On World Hemophilia Day 2017, Shire challenges the community to collectively improve global standards of care for rare bleeding disorders
Zug, Switzerland – April 17, 2017 – Shire plc (LSE: SHP, NASDAQ: SHPG), a leading biotechnology company focused on serving individuals with rare diseases, joins the global bleeding disorders community in honoring the 28th annual World Hemophilia Day (WHD).1 On this day, Shire highlights initial findings from its estimate of the Global Annual Bleed Rate (GABR), which shows a bleeding episode occurs every three to 15 seconds worldwide, more than three times current global estimates.2 These findings build on existing data from the World Federation of Hemophilia (WFH), which show only 25 percent of individuals living with hemophilia worldwide receive proper diagnosis and care, only 8 percent of which receive prophylaxis or regular treatment to prevent bleeds.3,4 This research reinforces Shire’s ongoing commitment to innovative data collection to improve global standards of care for individuals living with rare bleeding disorders.
“As the global leader in hematology, we are committed to efforts, such as estimating the GABR, that improve our understanding of the global landscape for hemophilia and the true experience of those living with this debilitating bleeding disorder, said Leonard Valentino, M.D., Global Head of Hematology Medical Affairs, Shire.
Shire developed the GABR in collaboration with renowned hemophilia institutions, including WFH. Our shared aim is to identify regions of the world with the greatest need for improved diagnosis and care for hemophilia patients. Together, we created a literature-based model to estimate the GABR at both country and global levels. A full report of the GABR model is expected to be published later in 2017.2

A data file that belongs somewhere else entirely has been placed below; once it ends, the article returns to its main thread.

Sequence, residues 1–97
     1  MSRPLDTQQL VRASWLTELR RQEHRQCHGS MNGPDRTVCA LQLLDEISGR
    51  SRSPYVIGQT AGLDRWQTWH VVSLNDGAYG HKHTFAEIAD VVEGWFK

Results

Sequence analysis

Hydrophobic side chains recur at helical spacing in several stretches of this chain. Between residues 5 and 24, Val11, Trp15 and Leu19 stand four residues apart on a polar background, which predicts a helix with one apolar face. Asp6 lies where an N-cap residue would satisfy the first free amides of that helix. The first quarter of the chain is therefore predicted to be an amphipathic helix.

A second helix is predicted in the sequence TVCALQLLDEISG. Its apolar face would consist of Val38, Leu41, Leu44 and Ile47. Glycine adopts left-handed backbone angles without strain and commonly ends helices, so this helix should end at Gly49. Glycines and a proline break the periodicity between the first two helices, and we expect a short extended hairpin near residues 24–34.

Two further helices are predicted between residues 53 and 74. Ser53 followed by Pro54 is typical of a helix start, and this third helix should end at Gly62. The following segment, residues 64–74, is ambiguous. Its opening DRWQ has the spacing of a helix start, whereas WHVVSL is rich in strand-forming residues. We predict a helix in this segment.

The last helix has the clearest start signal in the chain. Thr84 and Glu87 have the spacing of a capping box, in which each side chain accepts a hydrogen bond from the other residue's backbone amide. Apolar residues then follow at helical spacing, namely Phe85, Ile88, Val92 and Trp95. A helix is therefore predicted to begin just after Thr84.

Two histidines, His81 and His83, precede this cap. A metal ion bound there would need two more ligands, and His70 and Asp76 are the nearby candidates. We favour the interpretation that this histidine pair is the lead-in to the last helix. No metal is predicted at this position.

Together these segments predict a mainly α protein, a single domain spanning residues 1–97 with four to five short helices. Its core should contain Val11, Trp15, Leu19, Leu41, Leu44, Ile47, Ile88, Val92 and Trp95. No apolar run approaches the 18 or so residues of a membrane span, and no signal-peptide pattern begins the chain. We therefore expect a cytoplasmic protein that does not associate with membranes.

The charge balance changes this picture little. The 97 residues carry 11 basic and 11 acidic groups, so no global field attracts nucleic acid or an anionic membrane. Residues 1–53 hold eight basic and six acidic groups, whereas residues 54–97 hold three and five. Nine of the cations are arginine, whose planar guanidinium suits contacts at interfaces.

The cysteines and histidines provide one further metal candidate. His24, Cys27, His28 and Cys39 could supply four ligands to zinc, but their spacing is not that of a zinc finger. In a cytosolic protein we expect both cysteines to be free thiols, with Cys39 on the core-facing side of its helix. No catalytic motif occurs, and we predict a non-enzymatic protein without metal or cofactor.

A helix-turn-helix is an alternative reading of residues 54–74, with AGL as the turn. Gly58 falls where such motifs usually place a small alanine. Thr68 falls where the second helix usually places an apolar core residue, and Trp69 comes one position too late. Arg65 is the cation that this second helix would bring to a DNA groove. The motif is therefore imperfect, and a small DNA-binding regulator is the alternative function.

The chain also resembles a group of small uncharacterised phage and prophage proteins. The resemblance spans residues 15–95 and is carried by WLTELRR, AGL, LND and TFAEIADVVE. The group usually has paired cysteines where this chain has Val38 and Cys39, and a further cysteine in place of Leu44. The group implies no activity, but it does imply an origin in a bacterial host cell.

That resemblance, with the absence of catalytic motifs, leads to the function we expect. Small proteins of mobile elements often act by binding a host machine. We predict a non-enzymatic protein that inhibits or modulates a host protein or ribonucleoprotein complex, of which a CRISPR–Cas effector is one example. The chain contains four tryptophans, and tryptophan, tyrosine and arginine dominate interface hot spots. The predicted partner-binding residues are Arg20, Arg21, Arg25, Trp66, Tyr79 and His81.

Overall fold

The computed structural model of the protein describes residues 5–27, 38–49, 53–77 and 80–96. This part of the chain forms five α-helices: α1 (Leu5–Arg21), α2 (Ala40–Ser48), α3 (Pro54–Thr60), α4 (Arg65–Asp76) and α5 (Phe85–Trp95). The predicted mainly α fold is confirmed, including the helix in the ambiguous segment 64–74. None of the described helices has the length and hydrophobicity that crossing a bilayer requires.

“Shire is proud to support the global hemophilia community in honoring World Hemophilia Day,” continued Valentino. “On this day and every day, Shire is dedicated to supporting hemophilia patients through advancing early diagnosis, prophylaxis, individualized treatment options and innovative research and development efforts.”
This year, Shire is embracing WFH’s theme for World Hemophilia Day of “Hear Their Voices” and joining its partners and local advocacy organizations to raise awareness of those living with bleeding disorders. Throughout the day and across the world, Shire employees are wearing red to show our support for the community and holding celebrations to acknowledge the voices and stories of those living with bleeding disorders, including:
- In the United States, Shire is holding a public awareness rally in Chicago and inviting members of the local hemophilia community to join and voice their support for the global bleeding disorders community. To learn more about this event, visit http://www.bleedingdisorders.com/bleeding-disorders-community-support.
- In Germany, Shire is engaging media and inviting patients to share their perspective and the impact of hemophilia on their lives.